Aquarium Colonies and Nineteenth-Century Narratives of Marine Monstrosity
Rebecca Stott

In this essay the author proposes that a detailed study of the context of the production and reception of the spate of best-selling marine natural history books published in the 1850s provides an important and neglected opportunity for understanding Victorian conceptions of evolutionary,and anthropological monstrosity. Whilst the ape has received a good deal of attention as the primary evolutionary icon, through which the Victorians dreamed their nightmares of descent, the marine invertebrate has been much neglected. However, represented by evolutionists as the first life forms on the planet from which all higher life forms had evolved, marine invertebrates were an important alternative evolutionary ancestor, and were used to express ideas about the `nature of class, race and masculinity‘.

Gothic Studies
Claire Nally

Whilst the focus of much criticism has addressed goth as a subculture, considerably less attention has been given to the gendered status of marketing and advertising in subcultural magazines, whilst ‘glossy’ goth magazines have enjoyed little concerted analysis at all. Subcultures are frequently represented by participants and critics as ‘idyllic’ spaces in which the free play of gender functions as distinct from the ‘mainstream’ culture. However, as Brill (2008), Hodkinson (2002) and Spooner (2004) have identified, this is unfortunately an idealistic critical position. Whilst goth men may embrace an ‘androgynous’ appearance, goth women frequently espouse a look which has much in common with traditional feminine values. Slippages between subcultural marketing and mainstream advertising are frequent and often neotraditional in their message regarding masculinity and femininity. In using critiques of postfeminism alongside subcultural theory, I seek to reevaluate how gender functions in these publications. By close inspection of scene representations of ‘goth’ in the twenty-first-century through magazines such as Gothic Beauty (US), Unscene and Devolution (UK), as well as interviews with participants, I argue women’s goth fashion, sexuality and body image often (but not exclusively) represent a hyperfemininity which draws from conventional ideas of womanhood.

Gothic Studies
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The Metamorphosis of the Queer Monster in Francis Ford Coppola‘s Bram Stokers Dracula
Christopher McGunnigle

Since its release in 1992, Francis Ford Coppola‘s Bram Stoker‘s Dracula has made a deep impression upon the vampire community, or more likely left an infamous hole in it. Critics received Coppolas movie with closed fangs. To Fred Botting, Bram Stokers Dracula is ‘The End of Gothic’, the final metamorphosis of a faltering convention into some strange and alien form that destroys all of Gothics power. Stokers novel brought to greatness a war between the establishment of gender roles, threatened by the overtly (homo)sexual presence of Count Dracula, who turned women into harlots and men into sissies, before Abraham Van Helsing and his Crew of Light end Counts reign of terror to reaffirm their own faltering masculinity. Coppolas version creates a new heterogeneous blend of the corrupted legends of Prince Vlad the Impaler woven together with the literary Dracula within a Harlequin Romance format. The homoerotic undertones of Stokers novel disappear under the overly-exaggerated romantic quest of Coppolas new vampire.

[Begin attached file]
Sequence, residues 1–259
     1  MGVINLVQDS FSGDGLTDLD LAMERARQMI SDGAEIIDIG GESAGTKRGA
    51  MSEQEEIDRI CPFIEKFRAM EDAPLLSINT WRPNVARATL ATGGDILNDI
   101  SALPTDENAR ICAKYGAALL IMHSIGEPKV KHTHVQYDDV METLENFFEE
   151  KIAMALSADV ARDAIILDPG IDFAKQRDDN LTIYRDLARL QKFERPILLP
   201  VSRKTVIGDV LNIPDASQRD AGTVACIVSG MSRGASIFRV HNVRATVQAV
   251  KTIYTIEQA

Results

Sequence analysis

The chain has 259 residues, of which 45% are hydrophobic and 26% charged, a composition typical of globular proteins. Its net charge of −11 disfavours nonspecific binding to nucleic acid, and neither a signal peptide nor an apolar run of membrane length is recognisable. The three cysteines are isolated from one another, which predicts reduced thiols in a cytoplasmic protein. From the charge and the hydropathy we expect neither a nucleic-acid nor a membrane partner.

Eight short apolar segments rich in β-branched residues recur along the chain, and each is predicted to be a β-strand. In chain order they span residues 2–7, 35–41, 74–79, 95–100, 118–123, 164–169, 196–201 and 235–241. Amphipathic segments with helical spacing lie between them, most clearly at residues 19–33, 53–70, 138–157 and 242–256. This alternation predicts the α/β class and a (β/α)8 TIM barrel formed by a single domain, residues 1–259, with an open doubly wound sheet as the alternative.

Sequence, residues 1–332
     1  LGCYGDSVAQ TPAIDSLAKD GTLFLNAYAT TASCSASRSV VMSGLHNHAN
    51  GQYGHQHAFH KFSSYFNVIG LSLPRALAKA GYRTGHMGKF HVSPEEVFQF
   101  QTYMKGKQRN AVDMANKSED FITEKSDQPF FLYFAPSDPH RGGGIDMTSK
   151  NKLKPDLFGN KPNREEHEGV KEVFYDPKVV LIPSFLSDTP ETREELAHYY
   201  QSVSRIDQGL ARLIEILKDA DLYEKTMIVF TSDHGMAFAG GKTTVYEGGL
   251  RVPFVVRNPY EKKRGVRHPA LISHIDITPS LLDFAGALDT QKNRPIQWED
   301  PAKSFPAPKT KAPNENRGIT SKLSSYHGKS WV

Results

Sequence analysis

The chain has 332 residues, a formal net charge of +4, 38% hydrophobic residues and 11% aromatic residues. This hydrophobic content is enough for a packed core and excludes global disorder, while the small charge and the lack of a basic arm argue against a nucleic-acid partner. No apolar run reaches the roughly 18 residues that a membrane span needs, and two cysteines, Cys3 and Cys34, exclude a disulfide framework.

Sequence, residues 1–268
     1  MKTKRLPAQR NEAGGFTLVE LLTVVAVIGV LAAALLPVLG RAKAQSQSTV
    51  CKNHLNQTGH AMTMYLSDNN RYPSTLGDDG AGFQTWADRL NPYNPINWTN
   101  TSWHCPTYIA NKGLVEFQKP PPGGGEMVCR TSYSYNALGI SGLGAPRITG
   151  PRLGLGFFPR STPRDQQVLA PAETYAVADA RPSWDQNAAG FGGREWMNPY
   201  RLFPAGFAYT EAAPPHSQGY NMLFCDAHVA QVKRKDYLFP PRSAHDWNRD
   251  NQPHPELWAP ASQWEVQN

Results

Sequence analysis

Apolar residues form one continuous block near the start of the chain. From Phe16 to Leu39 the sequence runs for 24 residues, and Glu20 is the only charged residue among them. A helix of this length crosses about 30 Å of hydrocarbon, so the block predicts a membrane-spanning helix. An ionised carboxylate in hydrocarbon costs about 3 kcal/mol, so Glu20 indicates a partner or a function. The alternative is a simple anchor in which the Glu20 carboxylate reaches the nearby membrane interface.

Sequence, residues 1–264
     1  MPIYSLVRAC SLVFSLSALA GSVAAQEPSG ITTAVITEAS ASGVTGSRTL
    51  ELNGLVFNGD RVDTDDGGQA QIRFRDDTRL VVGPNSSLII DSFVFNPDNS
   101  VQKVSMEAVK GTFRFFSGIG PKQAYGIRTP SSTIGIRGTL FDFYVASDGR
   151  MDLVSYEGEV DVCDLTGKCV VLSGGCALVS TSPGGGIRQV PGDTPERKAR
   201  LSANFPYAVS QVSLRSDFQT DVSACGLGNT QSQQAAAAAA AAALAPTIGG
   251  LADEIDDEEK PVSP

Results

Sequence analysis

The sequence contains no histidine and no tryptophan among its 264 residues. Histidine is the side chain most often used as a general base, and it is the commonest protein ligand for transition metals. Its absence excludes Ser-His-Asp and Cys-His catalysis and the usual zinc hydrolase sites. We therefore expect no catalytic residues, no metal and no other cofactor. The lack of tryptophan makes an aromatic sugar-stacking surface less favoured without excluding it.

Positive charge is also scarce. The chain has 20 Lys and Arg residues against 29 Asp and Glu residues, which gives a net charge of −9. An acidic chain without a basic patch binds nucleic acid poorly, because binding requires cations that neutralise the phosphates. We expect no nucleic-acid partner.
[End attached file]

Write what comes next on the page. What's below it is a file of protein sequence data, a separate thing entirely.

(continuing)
Gothic Studies
Horror cinema, historical trauma and national identity
Author: Linnie Blake

This book explores the ways in which the unashamedly disturbing conventions of international horror cinema allow audiences to engage with the traumatic legacy of the recent past in a manner that has serious implications for the ways in which we conceive of ourselves both as gendered individuals and as members of a particular nation-state. Exploring a wide range of stylistically distinctive and generically diverse film texts, its analysis ranges from the body horror of the American 1970s to the avant-garde proclivities of German Reunification horror, from the vengeful supernaturalism of recent Japanese chillers and their American remakes to the post-Thatcherite masculinity horror of the UK and the resurgence of hillbilly horror in the period following 9/11 USA. In each case, it is argued that horror cinema forces us to look again at the wounds inflicted on individuals, families, communities and nations by traumatic events such as genocide and war, terrorist outrage and seismic political change, wounds that are all too often concealed beneath ideologically expedient discourses of national cohesion. Thus proffering a radical critique of the nation-state and the ideologies of identity it promulgates, horror cinema is seen to offer us a disturbing, yet perversely life affirming, means of working through the traumatic legacy of recent times.